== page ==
clickthrough rates, awareness and lead Roi. but she was fired, said
laura Patterson, president of Visionedge Marketing, speaking at the
Promo live conference in chicago.
“i didn’t understand what impact she was having,” the ceo told
Patterson. “she gave me all kinds of numbers, but i didn’t understand
how to translate that information into how it was affecting
Patterson added: “We have to make a connection between the work activity based metrics are not going away. but operational metrics
we do and the revenue the company produces.” are “where we get to change the conversation, and become strategic
member of team,” Patterson said.
cFos are interested in efficiency, but Patterson argued that at some
point “you are as efficient as you are going to be.” That means you For starters, a company might measure leads per rep, lead aging,
have to be able to document growth. campaign Roi, the program-to-people ratio, cost per billing dollar
and program spend vs. headcount. all those will impress a cFo.
she noted that a colleague of the fired exec survived by tracking trial
rates, adoption rates and category growth rates. next, try these on for size:
1. The number of share determiners (customers that others follow).
based on her firm’s research, two-thirds of all marketers do not This should be done by segment.
include metrics in their marketing plans. 2. average lifetime value
3. size of deals
“That’s scary,” she said. 4. customer attrition rate
5. number of deals per segment
Moreover, only l8% measure share of wallet, and even less report 6. The percentage of demand per channel
it regularly to management. a mere 10% measure customer
lifetime value. from that, start building models and track leading indicators like:
1. share of preference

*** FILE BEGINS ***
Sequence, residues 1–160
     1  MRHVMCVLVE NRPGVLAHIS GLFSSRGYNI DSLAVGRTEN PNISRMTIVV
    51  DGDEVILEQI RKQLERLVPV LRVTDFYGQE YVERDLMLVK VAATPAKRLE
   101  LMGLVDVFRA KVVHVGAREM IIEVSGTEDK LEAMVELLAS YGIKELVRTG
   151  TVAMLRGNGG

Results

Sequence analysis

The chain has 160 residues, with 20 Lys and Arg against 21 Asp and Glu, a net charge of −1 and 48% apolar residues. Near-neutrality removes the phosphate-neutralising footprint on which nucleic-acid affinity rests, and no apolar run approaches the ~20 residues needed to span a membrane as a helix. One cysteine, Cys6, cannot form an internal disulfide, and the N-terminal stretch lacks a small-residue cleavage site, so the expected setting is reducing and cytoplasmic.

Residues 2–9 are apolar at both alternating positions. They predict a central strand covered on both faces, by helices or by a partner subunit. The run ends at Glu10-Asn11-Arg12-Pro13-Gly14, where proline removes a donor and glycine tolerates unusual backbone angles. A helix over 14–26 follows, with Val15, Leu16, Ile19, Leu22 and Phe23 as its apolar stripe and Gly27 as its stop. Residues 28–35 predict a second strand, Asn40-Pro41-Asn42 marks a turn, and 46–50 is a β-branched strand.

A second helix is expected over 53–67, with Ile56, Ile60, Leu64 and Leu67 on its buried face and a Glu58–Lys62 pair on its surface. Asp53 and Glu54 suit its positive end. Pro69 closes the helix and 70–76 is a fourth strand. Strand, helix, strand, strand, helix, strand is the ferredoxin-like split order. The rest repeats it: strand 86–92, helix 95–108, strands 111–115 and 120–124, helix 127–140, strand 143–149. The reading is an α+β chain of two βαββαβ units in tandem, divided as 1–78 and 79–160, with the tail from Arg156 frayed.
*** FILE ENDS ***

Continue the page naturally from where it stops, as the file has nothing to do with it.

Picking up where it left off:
and yet those are the very metrics that might allow them to prove 2. share of wallet
that they are moving the needle. 3. The number of share determiners per segment
4. net advocacy
and if they fail to stop putting out spreadsheets with 200 tactical 5. customer franchise value
metrics on them? 6. your rate of growth compared with the market’s rate of growth
7. Market value index.
“The marketing discipline will fade away and we will be left reporting
into two organizations: finance and sales,” Patterson said. “it’s Predictive metrics are the final frontier, Patterson noted. but she
happening in some companies.” warned that “you have to believe in integrated marketing for this to
work. it’s not about one ad.”
so what do you track?
she added that marketing people should be compensated based on
in short, everything. but stick to the things that will move the performance. They should own their programs.
business/sales needle when reporting to c-level executives.
: FOCUS ON RESULTS CONTENT PARTNER: ChIef marketer
Want to build a marketing dashboard? make sure it includes • customer franchise value
the following: • new product acceptance/adoption rates
1. new business metrics • Product margins